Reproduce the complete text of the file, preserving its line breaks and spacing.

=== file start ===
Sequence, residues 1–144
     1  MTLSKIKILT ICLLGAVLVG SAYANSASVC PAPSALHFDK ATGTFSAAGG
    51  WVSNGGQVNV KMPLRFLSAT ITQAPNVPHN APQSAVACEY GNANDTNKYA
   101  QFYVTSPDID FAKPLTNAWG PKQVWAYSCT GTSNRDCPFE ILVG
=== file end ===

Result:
Sequence, residues 1–144
     1  MTLSKIKILT ICLLGAVLVG SAYANSASVC PAPSALHFDK ATGTFSAAGG
    51  WVSNGGQVNV KMPLRFLSAT ITQAPNVPHN APQSAVACEY GNANDTNKYA
   101  QFYVTSPDID FAKPLTNAWG PKQVWAYSCT GTSNRDCPFE ILVG